2.industrial robots

3. medical robots

4. educational robots

5. telepresence robots

6. military

7. aeronautics

We could also choose to create the sub categories undermany of these main categories.

Under the industrial robot category we could talk about indoor versus outdoor robots.

We have indoor robots like warehouse picking and sorting robots, assembly (painting/adding) robots, and we have outdoor ground robots that operate on wheels, tank treads or legs, and we also have under water robot or sky drone robots etc.

We could even instead use the formal scientific way to categorize industrial robot types such as as SCARA robots, cartesian, articulated, cylindrical, delta, orbital, polar and collaborative robots.

We could even try to categorize robots bytheir particular industry like: agriculture, aeorospace, construction, defence, energy, government, medical (healthcare, dissinfection), mining, retail, delivery, transportation, logistics, mining, utilities, education, consumer, AMR (autonomous mobile robots), UAV (unmanned aerial vehicles), UUV (unmanned underwater vehicles)

So its not an easy question when someone asks what types of robots are there today?

Now RC or remote control cars and moving mannequins at haunted houses and Disneyland are not really robots but they can look like robots since they move around and may talk or have human like qualities.

They however are more often examples of what are called animatronics.

Robots are usually autonomous which basically means that they can move in their environment without human interaction by using their built in touch sensors and sound sensors etc.

Animatronics usually move because they have been given a program or a sequence of moves to do and thats all they can do.

RC cars and most older robot toys move when the operator uses the remote control device.

The dancing Gemmy Frankenstein monster has a body which sways like it is dancing and a head which goes side to side while a circuit board inside plays a few songs to which the dolls move moves along and its eyes blink.

To most people they would say that he is a robot but he is not. I plan to add some sensors to it and an arduino microcontroller and a wheeled base so it can move like a robot vacuum and perhaps say things based on where it is in the house. Then it would be more like a simple robot.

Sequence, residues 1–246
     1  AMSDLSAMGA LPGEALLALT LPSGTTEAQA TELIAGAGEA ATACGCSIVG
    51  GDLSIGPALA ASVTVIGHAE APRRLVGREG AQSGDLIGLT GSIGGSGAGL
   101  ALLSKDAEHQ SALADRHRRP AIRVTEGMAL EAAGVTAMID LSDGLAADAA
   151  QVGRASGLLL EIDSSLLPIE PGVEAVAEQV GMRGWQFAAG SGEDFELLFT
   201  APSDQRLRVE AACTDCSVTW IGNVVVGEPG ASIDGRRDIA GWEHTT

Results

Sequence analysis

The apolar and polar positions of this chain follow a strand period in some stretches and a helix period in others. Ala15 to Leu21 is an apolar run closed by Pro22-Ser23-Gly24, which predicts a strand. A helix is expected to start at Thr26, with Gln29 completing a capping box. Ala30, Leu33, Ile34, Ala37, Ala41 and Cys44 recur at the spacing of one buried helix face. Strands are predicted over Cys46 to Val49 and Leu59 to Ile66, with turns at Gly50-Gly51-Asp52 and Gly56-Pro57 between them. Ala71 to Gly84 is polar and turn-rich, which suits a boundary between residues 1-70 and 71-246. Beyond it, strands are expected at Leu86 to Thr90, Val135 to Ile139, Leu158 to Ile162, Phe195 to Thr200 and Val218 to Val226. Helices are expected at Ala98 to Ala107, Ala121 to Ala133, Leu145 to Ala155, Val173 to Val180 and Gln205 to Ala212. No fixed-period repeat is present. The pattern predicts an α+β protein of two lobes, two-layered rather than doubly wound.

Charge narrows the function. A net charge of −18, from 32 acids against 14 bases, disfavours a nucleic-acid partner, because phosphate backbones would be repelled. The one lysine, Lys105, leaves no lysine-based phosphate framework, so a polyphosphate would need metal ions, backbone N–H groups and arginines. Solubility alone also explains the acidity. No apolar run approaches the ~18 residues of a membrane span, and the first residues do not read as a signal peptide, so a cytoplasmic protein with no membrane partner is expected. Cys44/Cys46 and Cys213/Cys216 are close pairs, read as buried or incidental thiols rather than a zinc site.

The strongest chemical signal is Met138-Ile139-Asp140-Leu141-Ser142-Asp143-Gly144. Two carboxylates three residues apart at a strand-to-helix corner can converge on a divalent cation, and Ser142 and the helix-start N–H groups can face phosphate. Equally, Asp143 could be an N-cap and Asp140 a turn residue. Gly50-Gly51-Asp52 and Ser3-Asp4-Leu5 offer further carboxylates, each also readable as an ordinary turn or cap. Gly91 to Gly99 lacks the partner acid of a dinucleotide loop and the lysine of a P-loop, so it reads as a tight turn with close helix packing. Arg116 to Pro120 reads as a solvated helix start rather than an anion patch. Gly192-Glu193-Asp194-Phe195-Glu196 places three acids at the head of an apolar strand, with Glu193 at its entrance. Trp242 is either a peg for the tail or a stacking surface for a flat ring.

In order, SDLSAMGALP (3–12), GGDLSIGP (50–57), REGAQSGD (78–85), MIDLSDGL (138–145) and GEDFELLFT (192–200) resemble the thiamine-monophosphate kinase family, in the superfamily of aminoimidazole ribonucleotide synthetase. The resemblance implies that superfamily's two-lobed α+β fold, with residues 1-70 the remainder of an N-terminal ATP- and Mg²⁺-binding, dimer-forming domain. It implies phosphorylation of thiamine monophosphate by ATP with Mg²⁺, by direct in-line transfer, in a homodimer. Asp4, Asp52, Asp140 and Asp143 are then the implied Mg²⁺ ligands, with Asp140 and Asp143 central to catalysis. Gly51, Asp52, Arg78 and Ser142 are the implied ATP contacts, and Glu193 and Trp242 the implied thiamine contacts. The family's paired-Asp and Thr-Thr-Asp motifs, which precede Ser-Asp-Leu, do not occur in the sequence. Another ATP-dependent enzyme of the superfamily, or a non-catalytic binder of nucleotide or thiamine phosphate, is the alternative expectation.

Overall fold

This line between simple toy and actual robot is changing as more computerization and programming is going into the newer theme park displays.

Older animatronics have simply used control systems like DMX to move them according to a pre entered routine or to move them live with a remote control.

DMX is an electronic technology which has been used for decades in the hotel/bar business to move laser light beams around a stage in a preprogrammed manner with the lights being attached to rotating platforms. This technology could be used to make s simple robot look alike where the head could be made to move around or the arms and legs could move.

The more advanced robotic displays will soon be a form of autonomous robots which will mean that they will move around more on their own and rely on their built in sensors and programming to avoid objects and detect sounds and objects and dangers etc.

Now strangely enough this old 2012 Youtube video shows amazingly smooth robot arm and finger movement using soft robotics artificial muscles with air filled hoses which has not been done again in the last 10 years for some reason. Have a look at how smooth this old technology is as compared to the current clunky electro-mechanical hard as opposed to “soft” robots of today. https://www.youtube.com/watch?v=2iG1ybuchx0

Yes, apparently to operate an artificial pneumatic robot you need a very heavy table size machine to power it and electro-mechanical robots can work with a 10 pound lithium battery. This will change soon to be sure.

So lets explore our next menu option where we will give more detail to the different types of robots.

You can also go to our Facebook site for more conversation. www.facebook.com/toystowork site.